May 9, 2022
BEIJING – DHgate, a Chinese cross-border business-to-business e-commerce platform, is doubling down on the fast-growing social commerce sector, which means a person’s entire shopping experience－from product discovery to the check-out process－takes place on a social media platform, as part of its broader push to accelerate the digital transformation of traditional global trade.
China’s Generation Z consumers, those born between the mid-1990s and the early 2010s, have shown a rising demand for personalized, niche and intelligent products, said Diane Wang, founder, chairperson and CEO of DHgate, adding the company attaches great importance to the purchasing power of the younger generation.
According to her, the sales of intelligent equipment, such as robot vacuum cleaners, scooters and wearable devices via the online platform of DHgate surged more than 200 percent year-on-year in 2021.
Gen Z accounts for one-third of the global population, becoming the largest generation group in the world, said a survey conducted by data.ai, a US-based mobile analytics company. Their strong willingness to consume is leading the global consumption trend and bringing great changes to global trade.
“As for the booming social commerce segment, we aim to help Chinese manufacturers, brands, and small and medium-sized enterprises access global private domain channels, as well as empower Gen-Zers and content creators, including internet celebrities, key opinion consumers and brand owners,”Wang said.
The global social commerce industry is expected to grow three times as fast as traditional e-commerce to $1.2 trillion by 2025, said global consultancy Accenture. The growth is predicted to be driven primarily by Gen Z and millennial social media users, accounting for 62 percent of global social commerce spending by 2025.
DHgate is exploring new possibilities in the cross-border e-commerce industry driven by social media. It launched MyyShop, a social commerce software-as-a-service or SaaS platform in 2020, which connects Chinese supply chains with people owning substantial private domain traffic or influencers on social networking platforms worldwide.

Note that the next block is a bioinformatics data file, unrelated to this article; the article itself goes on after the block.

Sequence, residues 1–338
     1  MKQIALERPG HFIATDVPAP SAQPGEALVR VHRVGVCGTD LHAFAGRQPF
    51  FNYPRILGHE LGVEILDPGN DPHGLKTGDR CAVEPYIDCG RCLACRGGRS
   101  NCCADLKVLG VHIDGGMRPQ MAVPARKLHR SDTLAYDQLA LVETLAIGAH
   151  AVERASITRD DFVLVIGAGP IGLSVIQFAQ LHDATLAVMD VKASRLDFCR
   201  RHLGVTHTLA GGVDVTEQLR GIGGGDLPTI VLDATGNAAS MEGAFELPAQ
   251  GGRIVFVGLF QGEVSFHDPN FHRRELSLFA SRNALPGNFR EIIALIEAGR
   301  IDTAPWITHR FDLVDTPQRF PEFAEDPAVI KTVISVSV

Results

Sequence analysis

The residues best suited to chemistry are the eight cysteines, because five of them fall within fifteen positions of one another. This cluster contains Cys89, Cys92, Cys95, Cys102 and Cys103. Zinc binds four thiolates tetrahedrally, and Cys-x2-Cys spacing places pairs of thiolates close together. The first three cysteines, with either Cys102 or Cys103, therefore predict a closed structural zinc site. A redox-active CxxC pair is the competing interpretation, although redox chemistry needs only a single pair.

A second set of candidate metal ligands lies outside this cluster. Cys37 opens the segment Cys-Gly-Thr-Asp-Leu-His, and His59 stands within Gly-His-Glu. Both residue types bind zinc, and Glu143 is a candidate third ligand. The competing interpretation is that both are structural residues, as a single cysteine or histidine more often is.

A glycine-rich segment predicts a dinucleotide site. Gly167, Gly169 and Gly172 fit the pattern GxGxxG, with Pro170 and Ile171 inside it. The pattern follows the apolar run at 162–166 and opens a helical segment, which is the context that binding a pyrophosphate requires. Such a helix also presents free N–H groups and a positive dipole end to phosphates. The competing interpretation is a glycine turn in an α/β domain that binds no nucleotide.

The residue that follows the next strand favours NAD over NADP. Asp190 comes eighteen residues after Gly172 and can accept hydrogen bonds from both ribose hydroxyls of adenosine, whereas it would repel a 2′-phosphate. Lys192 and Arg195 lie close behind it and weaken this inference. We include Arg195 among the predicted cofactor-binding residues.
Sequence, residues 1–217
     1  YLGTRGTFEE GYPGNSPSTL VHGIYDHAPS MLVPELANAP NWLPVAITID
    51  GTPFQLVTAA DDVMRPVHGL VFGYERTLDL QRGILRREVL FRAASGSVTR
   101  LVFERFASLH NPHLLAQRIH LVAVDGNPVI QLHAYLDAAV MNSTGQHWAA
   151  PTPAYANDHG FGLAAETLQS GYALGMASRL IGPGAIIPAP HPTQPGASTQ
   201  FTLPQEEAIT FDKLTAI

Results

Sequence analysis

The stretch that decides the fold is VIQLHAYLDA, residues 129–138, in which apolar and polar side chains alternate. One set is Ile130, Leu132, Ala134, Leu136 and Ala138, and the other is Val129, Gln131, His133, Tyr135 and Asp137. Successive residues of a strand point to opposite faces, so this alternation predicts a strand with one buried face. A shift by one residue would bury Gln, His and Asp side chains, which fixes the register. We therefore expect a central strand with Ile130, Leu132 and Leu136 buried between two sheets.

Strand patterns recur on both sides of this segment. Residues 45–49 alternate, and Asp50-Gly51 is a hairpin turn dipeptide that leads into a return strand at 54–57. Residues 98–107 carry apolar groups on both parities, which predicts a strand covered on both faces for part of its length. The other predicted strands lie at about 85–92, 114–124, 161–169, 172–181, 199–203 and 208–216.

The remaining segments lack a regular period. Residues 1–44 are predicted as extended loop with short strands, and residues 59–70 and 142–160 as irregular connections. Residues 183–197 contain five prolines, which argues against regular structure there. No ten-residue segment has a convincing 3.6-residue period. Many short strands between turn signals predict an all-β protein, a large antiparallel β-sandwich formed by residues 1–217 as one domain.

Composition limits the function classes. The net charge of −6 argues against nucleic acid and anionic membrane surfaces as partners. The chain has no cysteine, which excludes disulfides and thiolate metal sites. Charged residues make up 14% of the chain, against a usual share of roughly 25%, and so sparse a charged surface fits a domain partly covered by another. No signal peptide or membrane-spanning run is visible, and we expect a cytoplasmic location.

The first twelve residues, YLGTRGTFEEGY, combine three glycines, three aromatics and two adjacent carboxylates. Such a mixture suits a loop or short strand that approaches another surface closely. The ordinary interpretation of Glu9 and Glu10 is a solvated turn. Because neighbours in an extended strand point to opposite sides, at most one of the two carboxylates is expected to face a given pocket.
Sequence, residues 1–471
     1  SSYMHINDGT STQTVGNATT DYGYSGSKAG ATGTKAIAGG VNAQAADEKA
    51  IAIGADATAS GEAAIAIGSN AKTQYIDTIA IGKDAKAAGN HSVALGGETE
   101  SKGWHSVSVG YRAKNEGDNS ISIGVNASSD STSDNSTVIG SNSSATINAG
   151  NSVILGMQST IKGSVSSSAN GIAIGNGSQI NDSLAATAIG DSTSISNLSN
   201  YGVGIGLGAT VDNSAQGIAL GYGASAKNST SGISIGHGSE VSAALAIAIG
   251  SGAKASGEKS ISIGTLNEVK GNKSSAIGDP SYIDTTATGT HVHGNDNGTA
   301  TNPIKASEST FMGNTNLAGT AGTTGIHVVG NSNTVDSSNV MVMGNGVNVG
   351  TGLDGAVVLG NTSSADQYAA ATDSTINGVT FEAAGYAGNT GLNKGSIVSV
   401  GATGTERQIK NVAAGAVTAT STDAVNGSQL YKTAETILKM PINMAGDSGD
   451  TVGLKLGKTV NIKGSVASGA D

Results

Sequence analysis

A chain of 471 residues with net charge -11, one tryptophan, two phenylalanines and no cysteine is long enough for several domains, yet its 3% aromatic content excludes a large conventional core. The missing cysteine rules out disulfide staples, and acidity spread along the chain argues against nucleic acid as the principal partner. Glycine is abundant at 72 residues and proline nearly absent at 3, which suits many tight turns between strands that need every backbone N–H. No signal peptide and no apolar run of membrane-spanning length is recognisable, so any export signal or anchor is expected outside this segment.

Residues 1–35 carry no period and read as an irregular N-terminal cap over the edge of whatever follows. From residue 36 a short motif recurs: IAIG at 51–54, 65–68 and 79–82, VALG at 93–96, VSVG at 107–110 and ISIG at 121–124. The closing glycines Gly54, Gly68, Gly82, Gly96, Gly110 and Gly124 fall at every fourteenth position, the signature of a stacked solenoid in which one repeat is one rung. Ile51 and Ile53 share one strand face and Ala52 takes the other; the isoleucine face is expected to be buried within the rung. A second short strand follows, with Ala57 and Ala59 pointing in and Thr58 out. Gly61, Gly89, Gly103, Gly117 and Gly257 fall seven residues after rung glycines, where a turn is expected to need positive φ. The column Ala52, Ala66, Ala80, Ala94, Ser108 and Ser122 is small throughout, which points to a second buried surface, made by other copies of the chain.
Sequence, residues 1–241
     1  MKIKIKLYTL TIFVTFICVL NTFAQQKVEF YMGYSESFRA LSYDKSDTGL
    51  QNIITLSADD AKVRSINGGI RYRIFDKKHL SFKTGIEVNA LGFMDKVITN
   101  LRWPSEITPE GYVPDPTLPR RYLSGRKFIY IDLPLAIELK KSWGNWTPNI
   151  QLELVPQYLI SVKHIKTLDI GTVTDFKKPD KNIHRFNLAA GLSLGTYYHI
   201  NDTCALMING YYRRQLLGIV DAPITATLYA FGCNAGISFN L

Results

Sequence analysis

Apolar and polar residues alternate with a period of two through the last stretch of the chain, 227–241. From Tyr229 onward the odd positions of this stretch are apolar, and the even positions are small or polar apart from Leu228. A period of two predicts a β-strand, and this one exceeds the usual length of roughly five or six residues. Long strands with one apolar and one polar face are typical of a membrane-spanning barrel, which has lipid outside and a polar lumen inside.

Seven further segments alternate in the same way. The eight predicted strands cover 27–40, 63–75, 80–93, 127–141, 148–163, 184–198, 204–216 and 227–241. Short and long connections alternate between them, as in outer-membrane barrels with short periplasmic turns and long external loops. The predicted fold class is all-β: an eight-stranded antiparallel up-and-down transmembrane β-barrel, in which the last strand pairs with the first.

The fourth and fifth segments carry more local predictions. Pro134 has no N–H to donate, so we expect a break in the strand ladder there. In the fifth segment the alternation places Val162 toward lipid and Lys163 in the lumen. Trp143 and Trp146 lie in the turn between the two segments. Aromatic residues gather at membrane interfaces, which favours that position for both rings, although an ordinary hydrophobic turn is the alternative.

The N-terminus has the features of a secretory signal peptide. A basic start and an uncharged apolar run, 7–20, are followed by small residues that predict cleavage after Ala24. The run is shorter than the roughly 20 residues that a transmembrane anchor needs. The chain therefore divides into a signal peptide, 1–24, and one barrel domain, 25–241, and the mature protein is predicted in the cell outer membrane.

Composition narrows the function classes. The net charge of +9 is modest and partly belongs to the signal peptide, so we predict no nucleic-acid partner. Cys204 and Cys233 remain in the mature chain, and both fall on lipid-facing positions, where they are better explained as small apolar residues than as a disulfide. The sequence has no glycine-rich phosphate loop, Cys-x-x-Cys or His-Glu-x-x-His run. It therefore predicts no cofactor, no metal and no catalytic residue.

Myyshop also provides social media-based services, such as artificial intelligence-powered smart product selection and smart logistics services, and helps micro, small and medium-sized enterprises, especially entry-level merchants and individuals with social influence, run their online stores as direct sellers.
Wang said the relationship between production and consumption in the global trade and the global supply chain is being reshaped in the social commerce era. “Everyone can participate with a much lower entrance level, including small and micro-entrepreneurs and social media creators.”
She added the number of active users on MyyShop increased 76.3 percent year-on-year in the first quarter of this year, while the number of paying users rose 65.6 percent year-on-year, with the gross merchandise value, or GMV, skyrocketing by 845.5 percent on a yearly basis.
“Currently, MyyShop works with more than 50, 000 influencers and content creators worldwide. Our goal is to reach 500,000 influencers and content creators across the globe this year,” Wang said.
Social commerce empowers smaller brands and individuals and makes big brands reevaluate their relevance for a marketplace of millions of individuals, said Oliver Wright, global consumer goods and services lead at Accenture.
Being engaged in the social commerce sector means working together within a dynamic ecosystem of platforms, marketplaces, social media and influencers to share data, insights and capabilities to deliver the right incentives and best consumer experience across an integrated digital marketplace, Wright added.
Founded in 2004, DHgate serves more than 2.4 million registered suppliers and over 46.6 million registered buyers, covering 223 countries and regions around the world, with more than 100 international logistics routes and over 10 overseas warehouses.
“China’s young generation is emerging as mainstream consumers and becoming the driving force in the growth of homegrown brands due to their higher disposable income, as well as personalized and diversified demand,” said Bai Ming, deputy director of the international market research department at the Chinese Academy of International Trade and Economic Cooperation.